We’re pleased to announce that Developer Center has released significant new features and expanded content for Virtual SAN, vCloud Automation Center, and NSX for vSphere, as well as a Cloud Management area where you can use as a starting point for quick access to all cloud management developer resources.
Are you attending VMworld this year and looking to learn about how you can transform your data center into a Software-Defined Data Center (SDDC), which provides a solution for Infrastructure as a Service (IaaS), Backup as a Service (BaaS), Storage as a Service (SaaS) as well as other data center capabilities? If so, here’s a great chance to gain in-depth knowledge on the new offering from EVP SDDC.
Have you always been searching in various places to get the right resources to build your solution? You now have an integrated one-stop shop of all the developer resources you need to design solutions for the software-defined data center with VMware Developer Center.
Come join us in the fun at the Partner Lounge at VMworld 2014 to learn more about what we do and also win a raffle. At the photo booth, all you have to do is use the #vmwdev to tweet a picture of yourself holding the Developer Center sign!
Please follow us at @vmwaredevcenter to get live updates of our activities and winners during the show. See you there!
This is the second in series of articles introducing the VMware Management stack. In the first article, I explained how to:
- Set up a development environment
- Work with SSL/TLS security in a development environment
- Connect to a vCenter Server, log in, and get some basic information
In this article, we will build on the previous example. We will look at the VMware object system in the form of Managed Objects and Data Objects, learn more about invoking methods on Managed Objects, and use the Property Collector to start exploring the vCenter inventory.
Ever wondered how to deploy Virtual SAN when there is no vCenter available to begin with? Bootstrap method allows one to deploy VSAN datastore and then can be used to install vCenter. However, this does not mean we don’t require vCenter for VSAN. vCenter is definitely key to manage the full functioning of VSAN.
Apart from the bootstrapping method, additional methods to restart a VSAN cluster when vCenter is running on the VSAN datastore are described.
You can find the tech note titled, ‘Bootstrapping VSAN without vCenter’ on Developer Center, your one stop shop for all developer resources. For more information on VSAN, including other tech notes, visit the VSAN Architecture page.
VMware Virtual SAN technology provides hyper-converged storage and compute solution. When you run out of space or need more compute and storage, you can expand existing VSAN cluster upto a maximum of 32 nodes.
Are you wondering how to extend the exisitng VSAN settings such as disk groups and IO Policies to a new host without downtime? The answer is vSphere HostProfiles. Developer Center now hosts the technote to show how to use HostProfiles to add new host and extend the exisitng VSAN settings to the new Host.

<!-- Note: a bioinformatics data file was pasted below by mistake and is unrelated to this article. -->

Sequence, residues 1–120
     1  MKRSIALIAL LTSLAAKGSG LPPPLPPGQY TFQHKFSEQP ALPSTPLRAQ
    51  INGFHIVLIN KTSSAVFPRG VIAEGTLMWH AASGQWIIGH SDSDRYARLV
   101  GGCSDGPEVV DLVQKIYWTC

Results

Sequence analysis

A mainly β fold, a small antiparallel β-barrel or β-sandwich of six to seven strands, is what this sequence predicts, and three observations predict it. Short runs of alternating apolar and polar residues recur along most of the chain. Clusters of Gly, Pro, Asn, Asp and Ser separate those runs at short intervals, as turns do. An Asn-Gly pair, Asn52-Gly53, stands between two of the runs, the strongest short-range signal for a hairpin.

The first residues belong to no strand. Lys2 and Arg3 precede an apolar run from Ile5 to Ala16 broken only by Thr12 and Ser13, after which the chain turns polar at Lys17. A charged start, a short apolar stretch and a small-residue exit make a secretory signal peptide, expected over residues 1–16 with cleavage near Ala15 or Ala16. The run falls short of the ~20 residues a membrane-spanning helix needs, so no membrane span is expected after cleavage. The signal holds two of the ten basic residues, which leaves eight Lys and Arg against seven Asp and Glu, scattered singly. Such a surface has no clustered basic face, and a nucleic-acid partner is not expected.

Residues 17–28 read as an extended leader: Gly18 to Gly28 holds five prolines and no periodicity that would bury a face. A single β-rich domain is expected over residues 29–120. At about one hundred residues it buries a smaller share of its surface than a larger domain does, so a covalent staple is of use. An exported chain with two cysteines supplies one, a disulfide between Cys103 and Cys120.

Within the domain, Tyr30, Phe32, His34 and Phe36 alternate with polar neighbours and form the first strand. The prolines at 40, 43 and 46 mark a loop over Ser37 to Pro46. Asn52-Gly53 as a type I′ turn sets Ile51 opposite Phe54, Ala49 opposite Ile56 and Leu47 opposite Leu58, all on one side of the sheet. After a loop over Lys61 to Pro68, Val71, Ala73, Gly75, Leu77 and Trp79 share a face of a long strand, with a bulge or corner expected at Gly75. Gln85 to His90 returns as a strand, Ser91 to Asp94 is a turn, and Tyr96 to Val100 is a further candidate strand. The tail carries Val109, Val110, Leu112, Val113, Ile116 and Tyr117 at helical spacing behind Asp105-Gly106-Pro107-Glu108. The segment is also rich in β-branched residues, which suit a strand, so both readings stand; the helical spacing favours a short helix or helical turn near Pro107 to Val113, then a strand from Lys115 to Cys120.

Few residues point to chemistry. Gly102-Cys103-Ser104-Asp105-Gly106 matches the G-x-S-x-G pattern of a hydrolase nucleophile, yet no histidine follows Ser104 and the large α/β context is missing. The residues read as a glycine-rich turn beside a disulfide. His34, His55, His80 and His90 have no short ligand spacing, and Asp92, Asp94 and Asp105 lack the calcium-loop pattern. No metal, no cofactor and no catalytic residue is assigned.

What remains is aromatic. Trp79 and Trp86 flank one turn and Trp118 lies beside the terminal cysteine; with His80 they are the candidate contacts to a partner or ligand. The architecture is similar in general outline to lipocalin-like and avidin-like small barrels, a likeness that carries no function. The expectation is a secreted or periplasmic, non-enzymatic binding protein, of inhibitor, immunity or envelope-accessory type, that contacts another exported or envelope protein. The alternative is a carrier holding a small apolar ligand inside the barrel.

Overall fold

You can find the tech note titled, ‘Using HostProfiles for VSAN‘ on Developer Center, your one stop shop for all developer resources. For more information on VSAN, including other tech notes, visit the VSAN Architecture page.
As part of our ongoing commitment to developers and open source software, VMware has released an ESXi porting of Valgrind 3.7.0, a GPL (GNU General Public License) licensed instrumentation framework for building dynamic analysis tools. Valgrind Tools, ESXi Version works with ESXi 5.5 and later versions. This suite comprises a number of tools for memory debugging, memory leak detection, and cache and heap profiling.
Download Valgrind for ESXi today and stay tuned for an in-depth article on dynamic memory analysis from the Valgrind team.
VMware vCenter Operations Management Packs extend the capabilities of vCenter Operations Management Suite to third- party products and technologies to enable end-to-end operations intelligence with data visualizations, dashboards, reports, alerts, and actions. And now VMware has published a management pack technical white paper will give you insight into the types of management packs you can create and how to deliver them, along with examples of great management packs from other VMware partners.
With the recent release of vCenter Log Insight 2.0, VMware has extended its platform for log analytics and machine learning in a variety of areas. As mentioned on the Cloud Management Blog, we’re also making it easier for partners to build Log Insight Content Packs with the new Log Insight Partner Program.
If you are a software developer new to the VMware management stack, you may have noticed that the learning curve is a little steep. This is due in part to the breadth of our offerings, and the number of different ways you may need to use VMware products. This can lead to an overload of information.
This is the first in a series of articles that will walk through the process of getting set up and using the vSphere Management SDK. It is targeted at developers of software products that will manage, monitor, analyze, automate or otherwise interact with virtual resource controlled by VMware infrastructure. I’m not addressing device drivers or low level development, nor am I addressing scripts to automate specific IT operations.